Shortly after the Russian embassy in the UK reacted angrily to Britain’s expulsion of 23 diplomats after Theresa May accused Russia of using a chemical weapon on UK soil, saying that it considers “this hostile action as totally unacceptable, unjustified and shortsighted” and adding that “all the responsibility for the deterioration of the Russia-UK relationship lies with the current political leadership of Britain”, the Russian foreign ministry double down and warned that the UK’s “hostile actions” against Russia under the pretext of the poisoning of ex-double agent Sergei Skripal are an “unprecedented provocation” which won’t be left without a response.
The British move is “an unprecedentedly rude provocation, which undermines the foundations of a normal dialogue between our countries,” the ministry said in a statement.
The ministry said that “the British government chose confrontation with Russia” instead of completing the investigation and using international formats “including those in the framework of the Organization for the Prohibition of Chemical Weapons.”
The Russian diplomats also claimed that “it’s obvious that by opting for unilateral and non-transparent methods of investigating this incident, the British authorities have once again tried to unleash an indiscriminate anti-Russian campaign.”
Moscow said that it was “unacceptable and unworthy” for the UK leadership to further escalate tensions in relations with Russia “in pursuit of its own deplorable political aims.”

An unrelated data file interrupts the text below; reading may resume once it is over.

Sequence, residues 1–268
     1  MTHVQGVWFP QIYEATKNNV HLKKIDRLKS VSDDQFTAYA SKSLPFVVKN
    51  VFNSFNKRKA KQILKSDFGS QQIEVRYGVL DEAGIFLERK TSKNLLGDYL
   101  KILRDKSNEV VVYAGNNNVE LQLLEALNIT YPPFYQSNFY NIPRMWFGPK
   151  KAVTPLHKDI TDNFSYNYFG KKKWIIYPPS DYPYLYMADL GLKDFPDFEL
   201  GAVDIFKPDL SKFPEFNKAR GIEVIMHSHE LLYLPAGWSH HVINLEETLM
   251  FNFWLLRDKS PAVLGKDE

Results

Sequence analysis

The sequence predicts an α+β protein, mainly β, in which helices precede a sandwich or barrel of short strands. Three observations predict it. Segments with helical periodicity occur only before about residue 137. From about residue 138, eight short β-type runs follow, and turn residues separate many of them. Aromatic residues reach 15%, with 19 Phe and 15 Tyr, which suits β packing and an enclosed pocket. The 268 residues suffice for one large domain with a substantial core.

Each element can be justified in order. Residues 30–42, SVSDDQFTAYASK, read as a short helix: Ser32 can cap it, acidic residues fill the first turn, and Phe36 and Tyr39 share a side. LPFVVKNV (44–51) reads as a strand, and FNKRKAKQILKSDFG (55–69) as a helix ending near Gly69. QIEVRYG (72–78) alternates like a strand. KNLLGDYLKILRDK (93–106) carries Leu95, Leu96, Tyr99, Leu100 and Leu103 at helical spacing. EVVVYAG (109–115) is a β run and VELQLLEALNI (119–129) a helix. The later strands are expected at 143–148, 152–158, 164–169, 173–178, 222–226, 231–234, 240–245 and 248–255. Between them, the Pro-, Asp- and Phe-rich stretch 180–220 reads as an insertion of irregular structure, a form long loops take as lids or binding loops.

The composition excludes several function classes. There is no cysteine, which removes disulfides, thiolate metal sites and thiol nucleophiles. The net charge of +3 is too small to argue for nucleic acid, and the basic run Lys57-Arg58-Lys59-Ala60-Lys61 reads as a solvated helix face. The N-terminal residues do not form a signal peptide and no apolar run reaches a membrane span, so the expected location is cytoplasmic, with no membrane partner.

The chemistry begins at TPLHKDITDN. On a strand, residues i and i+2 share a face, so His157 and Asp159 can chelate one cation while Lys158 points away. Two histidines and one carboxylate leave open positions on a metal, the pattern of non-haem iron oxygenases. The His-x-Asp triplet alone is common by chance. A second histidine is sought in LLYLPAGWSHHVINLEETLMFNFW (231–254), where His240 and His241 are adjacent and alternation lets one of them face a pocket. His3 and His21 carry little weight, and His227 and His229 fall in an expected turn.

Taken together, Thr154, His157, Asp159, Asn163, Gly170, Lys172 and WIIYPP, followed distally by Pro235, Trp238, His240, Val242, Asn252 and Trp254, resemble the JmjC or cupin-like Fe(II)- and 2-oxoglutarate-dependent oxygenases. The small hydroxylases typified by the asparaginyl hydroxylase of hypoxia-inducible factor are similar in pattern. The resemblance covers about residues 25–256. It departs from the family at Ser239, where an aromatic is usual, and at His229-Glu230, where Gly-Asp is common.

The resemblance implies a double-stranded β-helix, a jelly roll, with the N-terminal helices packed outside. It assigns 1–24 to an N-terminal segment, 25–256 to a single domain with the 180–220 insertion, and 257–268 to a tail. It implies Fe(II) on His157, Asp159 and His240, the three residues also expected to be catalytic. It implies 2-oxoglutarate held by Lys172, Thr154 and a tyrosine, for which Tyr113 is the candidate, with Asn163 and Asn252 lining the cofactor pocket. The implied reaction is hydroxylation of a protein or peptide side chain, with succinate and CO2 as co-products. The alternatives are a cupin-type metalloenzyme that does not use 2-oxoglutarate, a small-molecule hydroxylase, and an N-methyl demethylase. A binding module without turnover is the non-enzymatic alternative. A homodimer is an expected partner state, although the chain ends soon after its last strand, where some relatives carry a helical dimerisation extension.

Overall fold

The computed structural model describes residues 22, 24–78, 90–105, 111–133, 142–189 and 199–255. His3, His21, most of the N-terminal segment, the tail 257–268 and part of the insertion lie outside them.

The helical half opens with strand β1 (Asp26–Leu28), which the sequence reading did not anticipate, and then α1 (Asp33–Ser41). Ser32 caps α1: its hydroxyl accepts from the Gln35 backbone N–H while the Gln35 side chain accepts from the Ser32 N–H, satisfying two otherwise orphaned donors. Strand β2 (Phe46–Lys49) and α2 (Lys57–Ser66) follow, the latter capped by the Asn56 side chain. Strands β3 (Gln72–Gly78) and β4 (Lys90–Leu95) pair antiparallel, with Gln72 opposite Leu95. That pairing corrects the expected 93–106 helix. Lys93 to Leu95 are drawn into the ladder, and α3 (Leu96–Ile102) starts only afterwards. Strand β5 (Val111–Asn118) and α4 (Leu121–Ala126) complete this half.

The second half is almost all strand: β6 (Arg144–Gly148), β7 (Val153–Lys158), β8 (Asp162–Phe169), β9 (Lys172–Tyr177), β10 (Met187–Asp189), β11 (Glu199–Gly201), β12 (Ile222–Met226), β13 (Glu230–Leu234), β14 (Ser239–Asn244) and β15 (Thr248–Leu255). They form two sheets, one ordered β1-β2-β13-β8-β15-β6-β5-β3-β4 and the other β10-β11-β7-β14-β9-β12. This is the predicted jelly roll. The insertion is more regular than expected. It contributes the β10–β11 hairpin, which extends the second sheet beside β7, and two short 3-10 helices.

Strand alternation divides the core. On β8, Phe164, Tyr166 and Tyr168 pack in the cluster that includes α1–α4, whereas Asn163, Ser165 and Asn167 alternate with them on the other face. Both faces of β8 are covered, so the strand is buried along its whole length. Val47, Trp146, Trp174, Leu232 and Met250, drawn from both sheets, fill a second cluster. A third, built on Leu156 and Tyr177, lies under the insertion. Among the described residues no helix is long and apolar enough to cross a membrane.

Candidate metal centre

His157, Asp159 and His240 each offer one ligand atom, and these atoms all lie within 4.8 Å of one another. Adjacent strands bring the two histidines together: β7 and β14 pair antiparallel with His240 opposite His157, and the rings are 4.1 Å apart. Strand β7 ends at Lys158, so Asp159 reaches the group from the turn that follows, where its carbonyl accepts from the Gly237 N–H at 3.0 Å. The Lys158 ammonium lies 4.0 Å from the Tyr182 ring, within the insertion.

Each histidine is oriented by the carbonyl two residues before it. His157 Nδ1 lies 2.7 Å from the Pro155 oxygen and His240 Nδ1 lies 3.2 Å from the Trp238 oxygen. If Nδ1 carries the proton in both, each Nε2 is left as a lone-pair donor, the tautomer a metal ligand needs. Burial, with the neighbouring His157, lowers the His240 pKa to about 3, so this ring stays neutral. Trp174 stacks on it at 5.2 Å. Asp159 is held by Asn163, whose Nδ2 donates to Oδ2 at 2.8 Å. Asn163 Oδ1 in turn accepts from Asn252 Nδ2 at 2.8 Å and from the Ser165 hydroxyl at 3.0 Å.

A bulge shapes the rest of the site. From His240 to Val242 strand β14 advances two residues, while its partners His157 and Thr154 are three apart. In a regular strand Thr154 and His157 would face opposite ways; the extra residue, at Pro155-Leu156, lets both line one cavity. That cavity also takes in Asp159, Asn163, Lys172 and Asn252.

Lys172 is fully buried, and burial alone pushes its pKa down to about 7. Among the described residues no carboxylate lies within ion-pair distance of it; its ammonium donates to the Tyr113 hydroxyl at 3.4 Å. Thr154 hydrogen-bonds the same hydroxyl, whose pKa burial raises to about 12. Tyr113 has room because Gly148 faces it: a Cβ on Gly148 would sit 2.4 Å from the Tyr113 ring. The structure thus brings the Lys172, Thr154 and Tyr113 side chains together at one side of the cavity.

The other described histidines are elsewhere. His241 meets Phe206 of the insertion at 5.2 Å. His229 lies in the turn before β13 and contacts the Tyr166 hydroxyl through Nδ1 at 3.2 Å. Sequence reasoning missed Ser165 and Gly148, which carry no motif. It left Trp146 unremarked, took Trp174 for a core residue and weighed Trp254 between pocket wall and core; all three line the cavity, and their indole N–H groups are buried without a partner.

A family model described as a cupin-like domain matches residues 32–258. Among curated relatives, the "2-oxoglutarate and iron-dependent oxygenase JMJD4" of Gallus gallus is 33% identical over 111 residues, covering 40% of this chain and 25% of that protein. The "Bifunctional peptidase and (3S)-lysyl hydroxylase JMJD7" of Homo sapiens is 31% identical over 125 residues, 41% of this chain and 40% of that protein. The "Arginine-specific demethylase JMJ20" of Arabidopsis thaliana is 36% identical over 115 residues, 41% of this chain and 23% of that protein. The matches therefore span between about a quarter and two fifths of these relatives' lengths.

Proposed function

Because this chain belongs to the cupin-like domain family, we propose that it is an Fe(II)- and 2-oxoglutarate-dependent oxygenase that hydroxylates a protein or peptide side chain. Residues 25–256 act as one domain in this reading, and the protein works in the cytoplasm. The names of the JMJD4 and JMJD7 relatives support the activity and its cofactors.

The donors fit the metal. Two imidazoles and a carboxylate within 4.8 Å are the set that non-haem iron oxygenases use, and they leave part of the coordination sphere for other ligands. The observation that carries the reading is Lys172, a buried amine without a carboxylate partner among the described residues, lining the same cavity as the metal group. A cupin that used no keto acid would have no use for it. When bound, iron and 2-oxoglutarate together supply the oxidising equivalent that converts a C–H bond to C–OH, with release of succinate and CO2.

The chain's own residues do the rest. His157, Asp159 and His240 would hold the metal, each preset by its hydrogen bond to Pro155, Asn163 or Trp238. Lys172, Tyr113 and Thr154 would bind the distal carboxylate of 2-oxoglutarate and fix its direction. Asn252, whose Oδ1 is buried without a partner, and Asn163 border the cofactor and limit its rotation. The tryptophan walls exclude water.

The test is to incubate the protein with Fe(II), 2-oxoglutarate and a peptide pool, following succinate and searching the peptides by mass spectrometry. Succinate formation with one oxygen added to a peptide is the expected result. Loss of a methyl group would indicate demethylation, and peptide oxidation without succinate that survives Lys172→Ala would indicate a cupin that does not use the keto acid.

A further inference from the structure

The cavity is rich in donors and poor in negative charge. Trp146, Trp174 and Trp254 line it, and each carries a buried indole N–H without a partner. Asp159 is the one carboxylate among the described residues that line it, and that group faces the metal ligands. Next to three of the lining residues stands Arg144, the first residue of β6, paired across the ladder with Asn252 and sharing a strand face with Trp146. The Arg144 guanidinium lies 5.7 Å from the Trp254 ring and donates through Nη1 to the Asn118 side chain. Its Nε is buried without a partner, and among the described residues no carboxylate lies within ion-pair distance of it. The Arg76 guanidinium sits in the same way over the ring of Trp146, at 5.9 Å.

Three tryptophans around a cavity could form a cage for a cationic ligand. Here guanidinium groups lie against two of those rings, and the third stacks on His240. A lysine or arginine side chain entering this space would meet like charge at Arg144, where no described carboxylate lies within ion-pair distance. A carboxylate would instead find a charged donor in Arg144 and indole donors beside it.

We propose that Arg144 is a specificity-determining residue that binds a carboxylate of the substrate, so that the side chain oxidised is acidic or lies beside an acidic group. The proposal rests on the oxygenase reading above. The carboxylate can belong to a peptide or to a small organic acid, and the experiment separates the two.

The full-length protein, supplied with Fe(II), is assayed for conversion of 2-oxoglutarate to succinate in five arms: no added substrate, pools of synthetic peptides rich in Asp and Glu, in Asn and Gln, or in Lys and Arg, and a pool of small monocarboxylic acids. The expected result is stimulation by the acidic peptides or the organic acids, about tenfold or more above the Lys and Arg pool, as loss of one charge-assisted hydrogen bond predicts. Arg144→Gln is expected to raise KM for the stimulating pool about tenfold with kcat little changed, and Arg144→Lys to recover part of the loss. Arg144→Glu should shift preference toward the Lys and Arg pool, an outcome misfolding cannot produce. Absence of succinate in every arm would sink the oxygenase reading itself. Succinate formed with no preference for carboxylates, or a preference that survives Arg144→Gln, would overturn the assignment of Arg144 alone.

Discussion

“Needless to say, our response measures will not be long in coming,” the Foreign Ministry concluded.
Russia had previously said that it’s open to cooperation with the UK on the Skripal case if it’s carried out in accordance with international law and Moscow is treated as an equal partner in the probe. Russia has also officially requested that the UK provide all the case files regarding the incident, but was turned down.
Below is the response from the Russia Foreign Ministry so far:
The March 14 statement made by British Prime Minister Theresa May in Parliament on measures to “punish” Russia, under the false pretext of its alleged involvement in the poisoning of Sergey Skripal and his daughter, constitutes an unprecedented, flagrant provocation that undermines the foundations of normal dialogue between our countries.
We believe it is absolutely unacceptable and unworthy of the British Government to seek to further seriously aggravate relations in pursuit of its unseemly political ends, having announced a whole series of hostile measures, including the expulsion of 23 Russian diplomats from the country.
Instead of completing its own investigation and using established international formats and instruments, including within the framework of the Organisation for the Prohibition of Chemical Weapons – in which we were prepared to cooperate – the British Government opted for confrontation with Russia. Obviously, by investigating this incident in a unilateral, non-transparent way, the British Government is again seeking to launch a groundless anti-Russian campaign.
Needless to say, our response measures will not be long in coming
Separately, when the Russian embassy was asked about the unexpected death of Nikolay Glushkov who as we reproted yesterday was an associated of billionaire anit-Putin oligarch Boris Berezovsky, it said: “Regretfully, the Embassy has received no information whatsoever regarding the circumstances of the death of Mr Glushkov. The investigation is not transparent, the British side appears not inclined to cooperate. This can only cause regret. Today the Embassy made an official request to provide all the information in possession of the British side regarding this Russian citizen whose death, as you said, appears mysterious.”
“Overall, we are surprised with UK authorities’ reluctance and unwillingness to provide us with full details of both the poisoning of Russians Sergei and Yulia Skripal and the death of Nikolay Glushkov.”
We expect it is only a matter of time before Putin is personally blamed for Glushkov’s death next.